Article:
Nvidia and Asus have announced three new 3D PCs at Computex this week, with a gaming-ready laptop leading the 3D charge in Taipei.

Asus has unveiled the G51Jx-EE 3D laptop, in addition to the 3D-ready Eee Top ET2400 and CD5390 tower PC.

All three machines will ship with 120Hz displays and active shutter 3D glasses and discrete graphics processors from Nvidia.

The G51Jx-EE laptop and the EeeTop ET2400 both house the IR transmitter that syncs Nvidia's stereoscopic shutter glasses with the view on the screen, as does the CG5390 desktop rig Asus were touting.

Though judging from another pricey, AMD-based rig it showed off in a later presentation that day, that's unlikely to see the light of day along these shores any time soon.

Jen-Hsun even wheeled out the CEO of Asus, Jerry Shen, to help him evangelise about the third dimension. Unfortunately all Mr. Shen would be drawn on was its few integrated Nvision products and the fact that 3D would become a 'mainstream product in the near future.'

Doesn't sound quite as immediate as Jen-Hsun obviously hoped, paraphrasing the Asus CEO's short statement, saying 'I think what Jerry just said is that it's going to change everything.'

Little else from Nvidia

Unfortunately though there was little new coming from the Nvidia press conference despite talk pre-show about the imminent arrival of the GTX 465, vaguely mainstream Fermi graphics card, or the vaguely touted GTX 490, fully functional GF 100-based card. The GTX 465 is instead left to the actual manufacturers like MSI to announce.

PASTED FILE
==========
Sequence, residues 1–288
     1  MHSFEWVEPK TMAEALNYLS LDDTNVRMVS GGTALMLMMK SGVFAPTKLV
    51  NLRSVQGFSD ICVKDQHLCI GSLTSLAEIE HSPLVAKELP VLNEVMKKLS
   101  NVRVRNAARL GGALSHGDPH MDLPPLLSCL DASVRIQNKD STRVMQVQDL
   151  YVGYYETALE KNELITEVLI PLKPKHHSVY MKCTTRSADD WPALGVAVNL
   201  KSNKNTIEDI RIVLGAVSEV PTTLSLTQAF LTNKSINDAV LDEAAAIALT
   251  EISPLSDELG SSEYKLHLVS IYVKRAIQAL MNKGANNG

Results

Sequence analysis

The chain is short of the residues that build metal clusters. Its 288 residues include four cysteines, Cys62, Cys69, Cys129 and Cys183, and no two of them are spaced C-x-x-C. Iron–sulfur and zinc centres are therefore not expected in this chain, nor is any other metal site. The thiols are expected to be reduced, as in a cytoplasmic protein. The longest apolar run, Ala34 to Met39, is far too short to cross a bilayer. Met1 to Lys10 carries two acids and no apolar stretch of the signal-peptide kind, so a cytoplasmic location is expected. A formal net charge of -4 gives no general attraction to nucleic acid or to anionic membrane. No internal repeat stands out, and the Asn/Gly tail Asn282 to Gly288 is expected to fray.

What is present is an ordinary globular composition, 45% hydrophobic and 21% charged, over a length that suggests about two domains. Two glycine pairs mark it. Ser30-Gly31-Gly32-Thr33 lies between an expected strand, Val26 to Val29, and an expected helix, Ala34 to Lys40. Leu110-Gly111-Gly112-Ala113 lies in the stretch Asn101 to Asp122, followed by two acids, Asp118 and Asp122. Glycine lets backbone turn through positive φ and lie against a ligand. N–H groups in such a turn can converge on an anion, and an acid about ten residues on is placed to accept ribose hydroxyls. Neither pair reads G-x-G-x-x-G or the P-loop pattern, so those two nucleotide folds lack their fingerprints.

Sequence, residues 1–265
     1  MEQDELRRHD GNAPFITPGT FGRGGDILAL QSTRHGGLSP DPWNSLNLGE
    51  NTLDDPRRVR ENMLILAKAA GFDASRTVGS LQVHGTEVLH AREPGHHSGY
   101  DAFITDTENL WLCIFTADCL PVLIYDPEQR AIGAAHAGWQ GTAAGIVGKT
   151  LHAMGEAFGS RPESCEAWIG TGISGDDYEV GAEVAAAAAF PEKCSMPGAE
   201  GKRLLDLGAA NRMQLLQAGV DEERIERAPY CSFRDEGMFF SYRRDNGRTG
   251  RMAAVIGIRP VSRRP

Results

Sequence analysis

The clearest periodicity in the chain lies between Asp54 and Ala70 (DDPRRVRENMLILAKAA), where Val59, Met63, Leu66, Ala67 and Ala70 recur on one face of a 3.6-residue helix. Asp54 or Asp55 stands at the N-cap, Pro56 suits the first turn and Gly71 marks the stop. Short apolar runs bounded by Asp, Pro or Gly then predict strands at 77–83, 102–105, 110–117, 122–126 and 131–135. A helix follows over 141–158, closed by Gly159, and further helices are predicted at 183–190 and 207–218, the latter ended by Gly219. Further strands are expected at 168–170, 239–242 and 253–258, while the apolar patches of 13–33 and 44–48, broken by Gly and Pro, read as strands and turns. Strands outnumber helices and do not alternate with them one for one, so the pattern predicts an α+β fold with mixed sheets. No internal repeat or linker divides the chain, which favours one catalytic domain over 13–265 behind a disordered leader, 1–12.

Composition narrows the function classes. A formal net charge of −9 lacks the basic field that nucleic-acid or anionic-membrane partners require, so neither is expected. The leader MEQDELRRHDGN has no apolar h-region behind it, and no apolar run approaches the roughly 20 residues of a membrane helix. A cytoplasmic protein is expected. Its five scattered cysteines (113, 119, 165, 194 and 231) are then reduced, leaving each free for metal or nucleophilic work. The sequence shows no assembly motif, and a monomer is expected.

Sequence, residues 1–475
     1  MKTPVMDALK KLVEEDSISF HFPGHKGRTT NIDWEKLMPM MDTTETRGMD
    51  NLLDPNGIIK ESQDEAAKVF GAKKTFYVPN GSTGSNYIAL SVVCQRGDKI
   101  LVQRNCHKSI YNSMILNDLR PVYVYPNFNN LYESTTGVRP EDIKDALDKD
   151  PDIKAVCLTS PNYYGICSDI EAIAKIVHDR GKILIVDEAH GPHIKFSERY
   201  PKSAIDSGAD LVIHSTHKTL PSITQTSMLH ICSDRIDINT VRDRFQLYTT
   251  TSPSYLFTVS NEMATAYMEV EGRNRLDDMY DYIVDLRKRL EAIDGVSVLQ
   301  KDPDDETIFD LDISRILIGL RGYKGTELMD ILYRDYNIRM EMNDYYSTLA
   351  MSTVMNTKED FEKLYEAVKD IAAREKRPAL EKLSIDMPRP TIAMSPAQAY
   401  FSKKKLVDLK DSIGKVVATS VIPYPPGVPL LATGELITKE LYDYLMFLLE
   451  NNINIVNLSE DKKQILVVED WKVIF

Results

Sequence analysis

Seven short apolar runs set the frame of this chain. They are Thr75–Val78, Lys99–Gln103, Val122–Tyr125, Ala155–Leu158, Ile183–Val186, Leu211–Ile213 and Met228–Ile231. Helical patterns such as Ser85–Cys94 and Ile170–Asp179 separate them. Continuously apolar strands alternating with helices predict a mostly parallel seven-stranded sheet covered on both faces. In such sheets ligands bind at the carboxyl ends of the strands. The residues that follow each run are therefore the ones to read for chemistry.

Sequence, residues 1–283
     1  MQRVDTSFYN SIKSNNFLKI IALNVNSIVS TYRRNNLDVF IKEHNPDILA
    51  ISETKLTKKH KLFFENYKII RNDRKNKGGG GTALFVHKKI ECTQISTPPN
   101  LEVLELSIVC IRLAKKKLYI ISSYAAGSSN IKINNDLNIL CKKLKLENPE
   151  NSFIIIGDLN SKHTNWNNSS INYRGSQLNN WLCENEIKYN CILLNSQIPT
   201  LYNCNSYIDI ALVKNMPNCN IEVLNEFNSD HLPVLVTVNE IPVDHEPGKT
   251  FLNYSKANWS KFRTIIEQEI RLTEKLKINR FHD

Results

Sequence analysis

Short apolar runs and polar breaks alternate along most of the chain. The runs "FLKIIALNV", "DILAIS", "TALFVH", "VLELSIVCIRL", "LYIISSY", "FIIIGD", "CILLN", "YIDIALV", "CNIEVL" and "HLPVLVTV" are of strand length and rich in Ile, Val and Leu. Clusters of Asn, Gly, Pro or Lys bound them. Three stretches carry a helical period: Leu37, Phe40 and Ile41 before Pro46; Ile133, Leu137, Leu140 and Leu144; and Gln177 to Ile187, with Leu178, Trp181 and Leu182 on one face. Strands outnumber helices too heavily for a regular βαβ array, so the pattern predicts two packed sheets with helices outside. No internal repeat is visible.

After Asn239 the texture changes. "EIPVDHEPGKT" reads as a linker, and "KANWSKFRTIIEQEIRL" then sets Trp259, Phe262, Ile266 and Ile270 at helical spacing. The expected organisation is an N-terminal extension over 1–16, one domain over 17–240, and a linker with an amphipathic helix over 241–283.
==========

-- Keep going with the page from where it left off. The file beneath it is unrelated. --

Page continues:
What we're treated to is a complete absence of anything CUDA or PhysX related. That may be down to the recent escape act performed by the previous PhysX evangelist, and Ageia co-founder, Manju Hedge to competitor AMD, but we couldn't possibly comment. And neither would Nvidia when we spoke to it...

It was full of design wins of last year, covering the Optimus, battery-saving tech, the second-gen ION chip and Tegra 2's importance for the rise of the tablet PC. But definitely not anything to do with how CUDA and its PhysX API are doing in today's marketplace.

Then we get the Unigine Heaven 2.0, tessellation-heavy, benchmark in 3D. And tessellation, the great green hope of DX11, apparently 'doesn't slow performance down at all.' Despite what we've found in benchmarking the latest Fermi cards. But then I'm sure Jen-Hsun wouldn't lie to the press about Fermi...